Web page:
During meetings last week in Florida, I met with several manufacturers from different segments of the fire-service industry. Each conversation evolved around new technology in emergency response, be it for data collection or enhanced safety.
For instance, FirePrograms Software last year introduced a maintenance program that can record data from practically every part of a vehicle. The program also can record the starts, stops, acceleration and deceleration of a responding vehicle. If an apparatus exceeds a set speed, the program can alert an officer or the chief.
FireProgram President Gary Ewers and I discussed the pros and cons of so much information. The information is valuable from a diagnostic standpoint. It’s valuable from a training standpoint, as well, as the information recorded could also monitor an operator’s performance with the vehicle. Ewers also said such information can be extremely valuable in the event of a lawsuit and amid accusations of delayed response or arrival.
But is monitoring such information precautionary or Big Brother-esque?
In the private sector, courts have allowed corporations to monitor their employees’ computers. Why shouldn’t fire departments monitor the use of their vehicles and equipment to protect themselves from liability issues?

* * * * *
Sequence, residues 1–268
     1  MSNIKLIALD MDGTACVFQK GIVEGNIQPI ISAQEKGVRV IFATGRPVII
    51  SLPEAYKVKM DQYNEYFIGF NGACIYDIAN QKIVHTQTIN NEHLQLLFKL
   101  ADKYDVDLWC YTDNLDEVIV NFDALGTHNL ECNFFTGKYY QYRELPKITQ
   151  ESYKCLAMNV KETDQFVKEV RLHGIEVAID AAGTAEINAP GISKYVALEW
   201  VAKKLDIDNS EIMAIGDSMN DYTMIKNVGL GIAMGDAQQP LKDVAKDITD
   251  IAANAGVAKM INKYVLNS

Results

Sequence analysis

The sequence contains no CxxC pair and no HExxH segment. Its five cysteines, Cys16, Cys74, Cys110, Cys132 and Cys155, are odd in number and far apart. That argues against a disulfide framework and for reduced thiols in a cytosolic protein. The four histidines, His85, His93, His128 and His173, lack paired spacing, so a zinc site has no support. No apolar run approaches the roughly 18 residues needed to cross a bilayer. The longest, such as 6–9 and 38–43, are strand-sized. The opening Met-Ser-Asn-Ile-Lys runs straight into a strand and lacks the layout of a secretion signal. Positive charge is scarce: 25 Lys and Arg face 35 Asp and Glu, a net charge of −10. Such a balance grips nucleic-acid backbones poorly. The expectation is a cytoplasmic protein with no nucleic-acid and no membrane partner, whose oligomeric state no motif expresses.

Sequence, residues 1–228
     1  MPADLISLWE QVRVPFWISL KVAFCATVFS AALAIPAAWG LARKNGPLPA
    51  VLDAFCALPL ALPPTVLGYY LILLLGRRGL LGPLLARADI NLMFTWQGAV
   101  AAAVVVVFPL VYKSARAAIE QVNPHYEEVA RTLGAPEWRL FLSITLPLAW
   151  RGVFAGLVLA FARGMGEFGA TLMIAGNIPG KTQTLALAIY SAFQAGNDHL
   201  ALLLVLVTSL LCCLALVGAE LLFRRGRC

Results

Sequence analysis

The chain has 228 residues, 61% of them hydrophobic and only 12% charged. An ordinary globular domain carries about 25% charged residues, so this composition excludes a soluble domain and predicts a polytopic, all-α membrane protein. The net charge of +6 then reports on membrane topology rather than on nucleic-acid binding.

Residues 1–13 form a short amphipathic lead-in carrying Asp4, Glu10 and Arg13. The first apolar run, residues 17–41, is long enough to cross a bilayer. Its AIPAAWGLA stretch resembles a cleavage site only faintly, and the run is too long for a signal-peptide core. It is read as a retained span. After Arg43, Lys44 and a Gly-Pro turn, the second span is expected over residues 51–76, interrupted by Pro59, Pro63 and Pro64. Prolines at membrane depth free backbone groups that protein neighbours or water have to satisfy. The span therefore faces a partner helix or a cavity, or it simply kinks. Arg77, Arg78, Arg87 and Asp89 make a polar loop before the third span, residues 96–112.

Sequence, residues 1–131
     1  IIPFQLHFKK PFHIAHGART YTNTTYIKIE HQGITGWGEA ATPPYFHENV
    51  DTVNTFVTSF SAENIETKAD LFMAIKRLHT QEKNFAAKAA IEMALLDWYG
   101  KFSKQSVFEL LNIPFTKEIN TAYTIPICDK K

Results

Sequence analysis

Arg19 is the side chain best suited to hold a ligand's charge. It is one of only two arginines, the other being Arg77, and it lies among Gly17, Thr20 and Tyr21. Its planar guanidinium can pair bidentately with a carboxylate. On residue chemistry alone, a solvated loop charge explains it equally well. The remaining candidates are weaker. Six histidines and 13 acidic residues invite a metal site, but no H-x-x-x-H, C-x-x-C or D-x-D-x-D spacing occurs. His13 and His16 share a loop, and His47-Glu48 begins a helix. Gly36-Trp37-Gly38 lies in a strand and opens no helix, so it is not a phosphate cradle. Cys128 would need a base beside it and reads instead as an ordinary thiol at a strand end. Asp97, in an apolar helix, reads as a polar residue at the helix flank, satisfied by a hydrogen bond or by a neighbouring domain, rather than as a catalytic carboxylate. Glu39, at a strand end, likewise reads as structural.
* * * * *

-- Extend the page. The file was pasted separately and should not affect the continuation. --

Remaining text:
I later spoke with Grady North, a product manager at E-One, about the addition of video data recorders on apparatus required by NFPA 1901. The data recorder contains a seven-day history of the vehicle and its movements. The must be loaded on a USB drive and transferred to a computer to be viewed.
“How many departments really go in and review the data on that VDR,” North asked, suggesting that most do so only after an emergency.
The conversations made me wonder about the increasing number of safety devices in cabs, many prompted by the deaths of unbuckled firefighters. Between seatbelts, airbags and alerting devices for the unbelted, it could be argued that Big Brother also is invading the cabs to protect firefighters from themselves.
How much more can NFPA standards — particularly 1901 — do to protect firefighters? Each time NFPA requires new equipment, the price of the vehicle goes up. Manufacturers claim the end users are demanding these devices; the end users claim the manufacturers are adding the equipment. Perhaps it’s time to make it less about equipment and more about personal responsibility and/or discipline.